The words you are searching are inside this book. To get more targeted content, please make full-text search by clicking here.

23rd January 2016

Discover the best professional documents and content resources in AnyFlip Document Base.
Search
Published by membersonly, 2018-04-17 00:36:17

1249p

23rd January 2016

Supplement to e-BLN 1249 BLN Pictorial 23 January 2016

In this issue of BLN Pictorial we look at the new station at Rochester, with thanks to our local member Nick Widdows who has very kindly provided a set of
pictures taken on Saturday 19 December 2015, soon after the new station opened (see BLN 1246.2171 and BLN 1247.2350). Situated on Corporation
Street, just south of the junction with Gas House Lane, the station cost £26M and replaces the 1892 London, Chatham and Dover Railway station some
500m to the south east, itself a relatively late addition to the line which opened in 1858 . All photos not otherwise attributed are © Nick Widdows, 2015.

ROCHESTER

THE NEW ROCHESTER STATION - 19 DECEMBER 2015
The outside of the new station, looking north.

Ticket office

The 'gate line'

The tunnel - northern end is not yet open. A video of it being built and moved into place is at https://goo.gl/4DXnuw

Down platform 2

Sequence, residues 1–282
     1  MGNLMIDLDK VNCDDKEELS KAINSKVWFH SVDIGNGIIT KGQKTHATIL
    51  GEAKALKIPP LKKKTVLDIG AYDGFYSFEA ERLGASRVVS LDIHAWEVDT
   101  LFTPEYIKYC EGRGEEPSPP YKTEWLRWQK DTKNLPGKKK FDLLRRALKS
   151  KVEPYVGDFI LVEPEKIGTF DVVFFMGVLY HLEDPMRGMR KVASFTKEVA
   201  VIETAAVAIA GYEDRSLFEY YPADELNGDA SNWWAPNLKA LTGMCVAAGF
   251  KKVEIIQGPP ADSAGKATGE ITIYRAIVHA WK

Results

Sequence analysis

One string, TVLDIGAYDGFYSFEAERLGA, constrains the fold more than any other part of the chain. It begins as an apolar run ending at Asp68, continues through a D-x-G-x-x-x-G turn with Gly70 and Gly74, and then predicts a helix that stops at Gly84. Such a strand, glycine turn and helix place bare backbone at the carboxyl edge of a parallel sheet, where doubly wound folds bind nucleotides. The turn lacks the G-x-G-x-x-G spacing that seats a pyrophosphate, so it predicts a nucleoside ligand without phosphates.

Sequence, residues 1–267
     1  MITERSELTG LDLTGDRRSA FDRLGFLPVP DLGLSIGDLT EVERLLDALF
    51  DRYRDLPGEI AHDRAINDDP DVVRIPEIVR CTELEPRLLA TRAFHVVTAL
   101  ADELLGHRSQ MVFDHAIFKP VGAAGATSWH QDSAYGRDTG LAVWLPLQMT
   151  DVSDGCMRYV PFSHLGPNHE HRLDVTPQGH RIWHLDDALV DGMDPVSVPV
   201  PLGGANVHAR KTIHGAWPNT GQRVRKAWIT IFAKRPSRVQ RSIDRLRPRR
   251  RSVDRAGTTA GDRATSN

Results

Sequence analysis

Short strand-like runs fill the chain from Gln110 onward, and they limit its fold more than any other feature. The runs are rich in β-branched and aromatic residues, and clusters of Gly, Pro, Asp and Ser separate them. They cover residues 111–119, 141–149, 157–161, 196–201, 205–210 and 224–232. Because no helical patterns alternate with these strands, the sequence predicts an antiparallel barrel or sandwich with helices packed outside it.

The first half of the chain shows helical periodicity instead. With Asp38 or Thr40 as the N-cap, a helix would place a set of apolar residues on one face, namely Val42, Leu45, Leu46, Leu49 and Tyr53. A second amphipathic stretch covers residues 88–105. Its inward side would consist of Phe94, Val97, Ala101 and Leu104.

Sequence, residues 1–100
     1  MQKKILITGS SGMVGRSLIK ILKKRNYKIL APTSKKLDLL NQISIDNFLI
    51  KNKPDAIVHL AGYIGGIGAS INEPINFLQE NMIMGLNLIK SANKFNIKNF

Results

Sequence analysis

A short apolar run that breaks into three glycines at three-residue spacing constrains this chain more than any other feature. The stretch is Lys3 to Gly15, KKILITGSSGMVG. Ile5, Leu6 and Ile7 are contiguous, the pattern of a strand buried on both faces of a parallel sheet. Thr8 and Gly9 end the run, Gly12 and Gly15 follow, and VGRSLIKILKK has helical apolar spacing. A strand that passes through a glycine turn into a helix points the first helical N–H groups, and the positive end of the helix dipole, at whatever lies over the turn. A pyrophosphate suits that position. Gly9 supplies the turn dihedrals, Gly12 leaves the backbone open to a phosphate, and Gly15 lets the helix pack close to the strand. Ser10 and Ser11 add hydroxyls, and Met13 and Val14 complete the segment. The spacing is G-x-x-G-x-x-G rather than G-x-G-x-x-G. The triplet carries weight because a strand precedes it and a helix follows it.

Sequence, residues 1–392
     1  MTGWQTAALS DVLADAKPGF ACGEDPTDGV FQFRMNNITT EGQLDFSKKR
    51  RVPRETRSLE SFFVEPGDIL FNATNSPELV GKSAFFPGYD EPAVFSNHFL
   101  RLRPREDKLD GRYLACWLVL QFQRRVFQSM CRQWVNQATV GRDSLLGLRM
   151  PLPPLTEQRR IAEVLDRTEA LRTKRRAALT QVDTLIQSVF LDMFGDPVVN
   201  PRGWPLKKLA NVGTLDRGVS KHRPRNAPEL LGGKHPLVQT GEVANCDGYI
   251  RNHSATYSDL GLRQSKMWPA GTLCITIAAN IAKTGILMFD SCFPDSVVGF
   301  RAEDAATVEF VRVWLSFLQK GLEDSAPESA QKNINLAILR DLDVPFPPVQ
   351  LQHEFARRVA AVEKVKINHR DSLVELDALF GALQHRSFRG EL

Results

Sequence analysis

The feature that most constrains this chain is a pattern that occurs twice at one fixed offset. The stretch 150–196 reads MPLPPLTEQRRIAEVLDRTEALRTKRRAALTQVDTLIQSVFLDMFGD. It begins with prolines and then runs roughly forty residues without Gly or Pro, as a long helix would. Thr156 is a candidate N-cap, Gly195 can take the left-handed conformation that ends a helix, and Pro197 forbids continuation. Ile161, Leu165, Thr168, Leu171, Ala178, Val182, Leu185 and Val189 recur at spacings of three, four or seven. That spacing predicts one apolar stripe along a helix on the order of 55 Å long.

Up platform 1

The future loop platform 3 (not yet commissioned) - looking west

The Platform 3 buffer stops - looking east.

Platform 3 buffer stops - looking east. Following signalling changes the signal box will be demolished, which will
allow completion of the loop.

The old station on 19 December 2015

The new Rochester station is very close to the site of the South Eastern Railway's (SER) Rochester station, originally the only intermediate station on the
Chatham Extension, a short branch from Strood OA 20 July 1891. Admirably demonstrating the potential extravagance of competition, the SER's line ran
parallel and to the east of the London, Chatham & Dover Railway's (LCDR) line through Rochester, opened from Strood to Chatham on 29 March 1858, and
with relations between the SER and LCDR rather less than cordial, the SER had its own expensive bridge over the Medway.